Martyrology is the part of the service where Jews remember the people who were killed for no reason other than being a Jew. While much of the service at the conservative synagogue that I attend is in Hebrew (half the time I have to look at the translation, but it just feels more religious for some reason), the martyrology service is not. In fact, much of it is stories and poetry.
For example, one story is one that many Jewish kids learn in hebrew school, that post-school school I suffered through on Tuesdays and Thursdays that screwed me out of being able to play any sports. That story is about Hannah and her seven sons. To give you the gist of the story, Hannah and six of her sons are killed, one at a time, when they each refuse to bow down to a king, because only G-d can be bowed to in the Jewish faith (and even then, Jews only bow to the ground once a year, on Yom Kippur). After killing Hannah and her six sons, the king, presumably in a sense of mercy, tells the youngest son that he will drop something on the floor and the youngest son can simply pick it up, making it look that he has bowed before the king and sparing his life. Yet, the youngest son refuses. Rather, he decides that it is more important that people not get the impression that he will bow before anyone other than G-d, even at the expense of his life.
Hearing it for the first time, the story is a powerful one, but after hearing it all your life, you become a bit desensitized to it. Particularly because it seems so far off, with a story that is so inapplicable to living in a democratic country, where there aren't all-powerful kings and instantaneous death sentences.
But the martyrology service doesn't just tell old stories, it tells of one of the most significant recent events in the Jewish cultural zeitgeist: the Holocaust. There's a recitation of the death camps and a remembrance of those lost.
But this year, something stuck out at me. It was a poem written by an anonymous author and found engraved in the wall of a ghetto. It said:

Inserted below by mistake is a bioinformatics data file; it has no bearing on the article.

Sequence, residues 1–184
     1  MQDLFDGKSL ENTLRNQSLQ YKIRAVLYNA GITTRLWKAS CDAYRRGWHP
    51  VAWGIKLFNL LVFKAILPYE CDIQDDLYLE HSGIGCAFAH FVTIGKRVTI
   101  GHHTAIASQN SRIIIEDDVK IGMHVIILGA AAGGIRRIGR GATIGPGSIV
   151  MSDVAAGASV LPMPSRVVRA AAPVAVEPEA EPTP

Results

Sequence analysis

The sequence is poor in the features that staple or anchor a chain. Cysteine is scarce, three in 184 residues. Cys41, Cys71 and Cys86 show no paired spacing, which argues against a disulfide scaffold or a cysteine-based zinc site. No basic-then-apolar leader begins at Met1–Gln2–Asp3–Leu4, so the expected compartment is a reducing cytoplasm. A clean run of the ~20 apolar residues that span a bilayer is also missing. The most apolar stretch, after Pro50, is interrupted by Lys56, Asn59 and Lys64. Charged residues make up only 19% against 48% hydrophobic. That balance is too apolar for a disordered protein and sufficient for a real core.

I believe in the sun, even when it's not shining.
I believe in love, even when I don't feel it.
I believe in God, even when He's silent.
What was so different for me about this poem was that it wasn't an event I couldn't relate to. It was the Holocaust. It wasn't even a generation ago. And there are people who are still alive who suffered unimaginable horrors in it.
So, as I imagine it does with many Jews, its an event that resonates with me. But I can't help but think of the Holocaust as something in the past, even though it was the recent past. So, I didn't really consider what it was to be a martyr after I heard the shofar blow ending Yom Kippur.
Today is Daniel Pearl's birthday.
Daniel Pearl was a journalist and he was Jewish.
In 2002, when Daniel Pearl went to the Pakistan to report on the war for the Wall Street Journal, he was kidnapped and likely tortured. Before his captors murdered him by beheading him while he was still alive, they videotaped him saying the following: "My name is Daniel Pearl. I'm a Jewish-American. My father is Jewish. My mother is Jewish. I am a Jew."
And that's what's so strange. Daniel Pearl wasn't even a religious Jew. In fact, if you had asked him, Daniel Pearl would probably have rated being Jewish pretty low on the list of things that identify him.
Yet, he was viciously murdered for no reason other than his religious culture by ignorant savages who blamed him, and me, for all the world's ills.
Like all real martyrs, he was a reluctant one.
No, that's too much. Actually, he didn't even want to be one.
But, now, he is.
And the fact that he is a martyr, rather than a journalist, father and husband are the things that test belief.
Yet, it would be so much better not to have to believe in the face of such deafening silence.